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Minn. Blues to shrink exchange role


Blue Cross and Blue Shield of Minnesota will reduce its role  in the state’s Affordable Care Act insurance exchange next year after losing nearly $300 million in the individual market in 2015.

The company will push people toward its narrower HMO option — — Blue Plus — according to the (Minneapolis) Star Tribune.

Plans with more limited  provider networks  usually offer cheaper monthly premiums but they have also created some confusion for members unfamiliar with the insurance, including the surprise of how smaller their choices of providers  can become.

Actions like the Minnesota Blues’ are being seen around America.

To read the Star-Tribune’s article, please hit this link.

The comeback of the HMO


The much maligned (and over-maligned) health maintenance organization (HMO) is making a comeback, under  pressure from private and public payers to save money while seeking better medical outcomes, The New York Times reports.

The Times notes that “A  defining feature of an HMO is  the restriction placed over which doctor or hospital a patient can use, which was a primary reason so many floundered in the 1990s. Doctors and patients complained about their lack of choices. Critics also accused the plans of denying patients tests and procedures to save money, and many plans were seen as offering low-quality care.”

But, The Times reports: “Despite the stigma and many failed efforts, insurers say they are eager to push a revamped version that revives many of the same features that restrict choices as a way of lowering costs. Insurers are already promoting HMO’s on the state exchanges created under the federal health law, and many are trying to persuade more companies and their employees to sign up.”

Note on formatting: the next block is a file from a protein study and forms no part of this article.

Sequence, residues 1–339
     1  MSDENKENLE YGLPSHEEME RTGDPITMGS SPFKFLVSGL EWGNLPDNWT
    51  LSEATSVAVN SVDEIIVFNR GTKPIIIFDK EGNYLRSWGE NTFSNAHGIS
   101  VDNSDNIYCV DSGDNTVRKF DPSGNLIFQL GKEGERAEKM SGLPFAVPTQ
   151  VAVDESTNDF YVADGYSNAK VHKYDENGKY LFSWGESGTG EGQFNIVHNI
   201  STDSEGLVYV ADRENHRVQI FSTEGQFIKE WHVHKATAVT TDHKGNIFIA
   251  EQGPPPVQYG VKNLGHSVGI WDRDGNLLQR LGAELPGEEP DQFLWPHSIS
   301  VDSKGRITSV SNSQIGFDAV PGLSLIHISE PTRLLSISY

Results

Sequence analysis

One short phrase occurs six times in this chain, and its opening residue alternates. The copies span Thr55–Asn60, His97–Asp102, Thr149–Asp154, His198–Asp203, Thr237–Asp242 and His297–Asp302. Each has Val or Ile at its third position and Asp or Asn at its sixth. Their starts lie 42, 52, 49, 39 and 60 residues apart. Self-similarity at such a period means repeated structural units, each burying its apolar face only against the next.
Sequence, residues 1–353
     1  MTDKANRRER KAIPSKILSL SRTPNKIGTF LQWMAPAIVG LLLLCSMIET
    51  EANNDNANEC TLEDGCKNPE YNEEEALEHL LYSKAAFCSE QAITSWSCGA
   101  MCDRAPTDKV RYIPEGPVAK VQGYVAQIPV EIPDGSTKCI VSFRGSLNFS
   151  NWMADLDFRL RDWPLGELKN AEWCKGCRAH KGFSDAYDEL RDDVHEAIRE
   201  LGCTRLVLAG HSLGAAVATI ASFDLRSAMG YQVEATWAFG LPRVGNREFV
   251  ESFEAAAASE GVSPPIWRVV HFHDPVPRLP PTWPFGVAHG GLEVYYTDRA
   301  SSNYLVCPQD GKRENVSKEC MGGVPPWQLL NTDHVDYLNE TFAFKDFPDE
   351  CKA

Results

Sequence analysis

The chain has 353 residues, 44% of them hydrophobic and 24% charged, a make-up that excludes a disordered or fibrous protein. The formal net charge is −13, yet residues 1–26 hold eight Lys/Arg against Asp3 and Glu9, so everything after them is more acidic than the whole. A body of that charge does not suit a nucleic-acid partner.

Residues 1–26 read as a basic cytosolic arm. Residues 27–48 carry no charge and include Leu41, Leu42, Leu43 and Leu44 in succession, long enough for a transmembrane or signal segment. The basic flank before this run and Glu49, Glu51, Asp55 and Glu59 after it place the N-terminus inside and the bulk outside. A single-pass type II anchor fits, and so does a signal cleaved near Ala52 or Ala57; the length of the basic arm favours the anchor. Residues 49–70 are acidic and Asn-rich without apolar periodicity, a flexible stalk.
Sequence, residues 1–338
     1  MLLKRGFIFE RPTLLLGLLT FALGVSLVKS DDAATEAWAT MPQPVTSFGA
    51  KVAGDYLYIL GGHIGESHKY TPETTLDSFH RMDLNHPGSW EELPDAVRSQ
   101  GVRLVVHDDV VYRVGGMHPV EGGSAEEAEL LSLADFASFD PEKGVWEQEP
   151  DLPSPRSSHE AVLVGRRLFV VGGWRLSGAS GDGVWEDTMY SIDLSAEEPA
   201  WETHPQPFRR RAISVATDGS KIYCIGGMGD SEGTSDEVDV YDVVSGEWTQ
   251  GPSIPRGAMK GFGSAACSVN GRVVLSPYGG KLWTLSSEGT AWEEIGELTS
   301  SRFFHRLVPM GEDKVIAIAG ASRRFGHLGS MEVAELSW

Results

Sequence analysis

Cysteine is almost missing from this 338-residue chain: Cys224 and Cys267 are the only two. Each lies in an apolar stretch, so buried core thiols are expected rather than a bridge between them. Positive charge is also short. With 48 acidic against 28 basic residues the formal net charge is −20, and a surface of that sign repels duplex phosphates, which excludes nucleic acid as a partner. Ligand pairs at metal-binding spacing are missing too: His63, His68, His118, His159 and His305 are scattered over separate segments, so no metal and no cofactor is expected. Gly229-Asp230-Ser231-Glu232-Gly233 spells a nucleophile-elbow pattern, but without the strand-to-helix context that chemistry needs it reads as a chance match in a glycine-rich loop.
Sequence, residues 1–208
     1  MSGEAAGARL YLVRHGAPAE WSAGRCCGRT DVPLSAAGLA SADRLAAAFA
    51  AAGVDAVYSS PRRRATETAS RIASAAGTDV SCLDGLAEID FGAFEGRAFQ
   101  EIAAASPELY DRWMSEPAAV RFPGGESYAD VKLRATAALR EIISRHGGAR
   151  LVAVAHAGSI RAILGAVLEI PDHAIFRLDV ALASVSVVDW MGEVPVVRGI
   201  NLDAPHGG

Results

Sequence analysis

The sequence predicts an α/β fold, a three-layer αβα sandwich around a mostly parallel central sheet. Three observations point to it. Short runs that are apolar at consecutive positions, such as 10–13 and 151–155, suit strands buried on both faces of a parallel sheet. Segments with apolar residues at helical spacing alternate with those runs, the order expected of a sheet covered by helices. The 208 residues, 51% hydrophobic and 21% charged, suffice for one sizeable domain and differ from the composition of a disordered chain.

Putting more patients into narrower provider networks is  crucial to bringing America’s astronomical health care under contr0l.

Study cites a Calif. house-call program’s success


A recent study in HealthAffairs says that house calls can help reduce the number of emergency room visits and hospital readmissions.

It looks at  how since 2009 Torrance, Calif.-based HealthCare Partners Affiliates Medical Group has provided its House Calls program to recently discharged high-risk, frail and psychosocially compromised patients.  The idea is to provide and manage care for the group’s Medicare Advantage and commercially insured HMO patients.

The study says that  after being involved with the program for three months, patients were admitted to the hospital less often–and per-month use and spending continued to decrease.

Nurse practitioners  are the key to the program: They develop patients’ care plans while monitoring them and  sending updates to primary-care physicians. Meanwhile, social workers assess patients in their home environments. There, they identify  such potential issues such as fall risks, medication organization, social isolation and financial concerns and provide nutrition coaching.







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